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Metaglossia on Bundlr

Fostering interpersonal communication beyond words and languages via translation, interpreting, terminology, lexicography and intercultural activities...

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Interpreter vs. Translator - Defero Law

Interpreters and Translators convert both explicit information and implicit concepts from one language into another. They must speak, read and write fluently in at least two languages.
Apart from relaying language, interpreters and translators must convey the tone and style of the original. Their aim is for the target audience to have the same experience that the source language audience had. They must be articulate and be able to render complicated, vague concepts into a clear, concise wording for their clients.
Although interpreters and translators have many things in common, their jobs are in fact very different. Translators deal with written words and interpreters deal with spoken words.

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Days in lives of interpreters | The Liaison Interpreter

You went through interpreting school. Life is mostly seen from the upper deck glassed nest room you call a booth. Whenever you get out of here, it seems that you can't hardly think without a bidule. You were trained and are ...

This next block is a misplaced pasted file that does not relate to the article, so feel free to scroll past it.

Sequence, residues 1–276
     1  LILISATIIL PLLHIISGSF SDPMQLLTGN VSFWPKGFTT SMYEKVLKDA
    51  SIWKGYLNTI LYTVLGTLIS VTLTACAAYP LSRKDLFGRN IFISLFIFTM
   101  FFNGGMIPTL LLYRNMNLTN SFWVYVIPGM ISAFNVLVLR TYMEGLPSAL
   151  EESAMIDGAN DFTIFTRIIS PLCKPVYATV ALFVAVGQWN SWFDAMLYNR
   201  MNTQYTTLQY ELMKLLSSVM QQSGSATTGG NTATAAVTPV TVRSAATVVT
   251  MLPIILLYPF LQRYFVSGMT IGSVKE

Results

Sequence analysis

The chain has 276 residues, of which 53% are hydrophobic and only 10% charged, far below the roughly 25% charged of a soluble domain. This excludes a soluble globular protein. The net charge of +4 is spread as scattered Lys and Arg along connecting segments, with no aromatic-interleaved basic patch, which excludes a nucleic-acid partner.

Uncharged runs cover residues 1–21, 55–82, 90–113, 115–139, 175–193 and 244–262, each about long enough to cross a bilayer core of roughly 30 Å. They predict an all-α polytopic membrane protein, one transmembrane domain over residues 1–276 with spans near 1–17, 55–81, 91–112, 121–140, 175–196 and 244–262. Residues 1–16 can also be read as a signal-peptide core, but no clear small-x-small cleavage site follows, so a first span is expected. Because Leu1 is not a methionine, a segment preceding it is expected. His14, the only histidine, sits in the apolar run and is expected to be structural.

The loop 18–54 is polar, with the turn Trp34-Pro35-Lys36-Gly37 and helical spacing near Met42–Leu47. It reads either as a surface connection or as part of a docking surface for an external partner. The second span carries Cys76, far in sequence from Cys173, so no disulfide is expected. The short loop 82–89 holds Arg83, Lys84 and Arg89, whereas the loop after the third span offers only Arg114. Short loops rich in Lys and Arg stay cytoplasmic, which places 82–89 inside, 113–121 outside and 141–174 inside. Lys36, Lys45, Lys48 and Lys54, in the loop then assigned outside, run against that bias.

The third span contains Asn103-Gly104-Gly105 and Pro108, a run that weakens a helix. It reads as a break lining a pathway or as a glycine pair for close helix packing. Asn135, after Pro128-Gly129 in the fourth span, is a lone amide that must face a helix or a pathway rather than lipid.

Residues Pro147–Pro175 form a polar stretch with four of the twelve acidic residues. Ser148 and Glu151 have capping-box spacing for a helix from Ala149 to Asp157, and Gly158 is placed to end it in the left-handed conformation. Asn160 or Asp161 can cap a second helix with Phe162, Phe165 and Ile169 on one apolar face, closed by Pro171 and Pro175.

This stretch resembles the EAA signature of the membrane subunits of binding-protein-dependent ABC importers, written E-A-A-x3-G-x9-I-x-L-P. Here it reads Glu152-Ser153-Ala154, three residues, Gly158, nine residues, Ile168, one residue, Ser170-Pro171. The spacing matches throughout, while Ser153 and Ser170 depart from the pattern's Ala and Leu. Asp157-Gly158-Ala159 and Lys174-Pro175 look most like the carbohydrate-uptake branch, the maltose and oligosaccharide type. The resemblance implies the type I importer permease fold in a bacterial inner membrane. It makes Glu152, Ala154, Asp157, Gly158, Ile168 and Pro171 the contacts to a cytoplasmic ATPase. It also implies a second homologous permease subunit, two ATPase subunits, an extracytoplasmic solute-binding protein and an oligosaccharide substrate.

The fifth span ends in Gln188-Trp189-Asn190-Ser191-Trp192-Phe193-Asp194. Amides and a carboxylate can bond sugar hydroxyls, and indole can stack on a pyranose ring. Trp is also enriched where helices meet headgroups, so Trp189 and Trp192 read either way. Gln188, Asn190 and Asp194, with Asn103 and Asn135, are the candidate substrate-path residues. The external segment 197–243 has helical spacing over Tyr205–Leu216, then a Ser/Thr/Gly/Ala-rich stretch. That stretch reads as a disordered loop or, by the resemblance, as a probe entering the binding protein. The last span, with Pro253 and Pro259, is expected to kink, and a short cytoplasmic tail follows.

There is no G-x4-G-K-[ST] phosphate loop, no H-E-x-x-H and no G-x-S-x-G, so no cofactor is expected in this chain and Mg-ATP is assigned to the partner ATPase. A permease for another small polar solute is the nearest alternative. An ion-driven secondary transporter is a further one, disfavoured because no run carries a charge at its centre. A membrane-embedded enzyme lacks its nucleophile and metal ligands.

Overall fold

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Courtroom interpreter 'savings' evaporate | The Law Gazette

The Ministry of Justice has admitted that £12m of savings predicted for the first year of controversial new arrangements for courtroom interpreting ‘will probably not be achieved’.

The announcement, by justice minister Lord McNally, came as the ministry declined to reveal the cost of the contract with Applied Language Solutions. In response to a freedom of information request made by the Gazette for the cost of the contract’s first three months, from February this year, the MoJ said it held the information but providing it would be too costly.

Problems with the new interpreting hub were revealed by the Gazette on 9 February.

McNally told peers last week that the contract had a ‘very poor start’, but said there had been ‘improvements’ and that the government will ensure a high-quality service. Responding to a question from Labour peer Lord Harrison, McNally accepted that ‘the original estimate of a £12m saving in the first year will probably not be achieved’, but he said ‘this is not a solution for just one year. It is a long-term solution that we hope will, once it is bedded down, give the service and quality required.’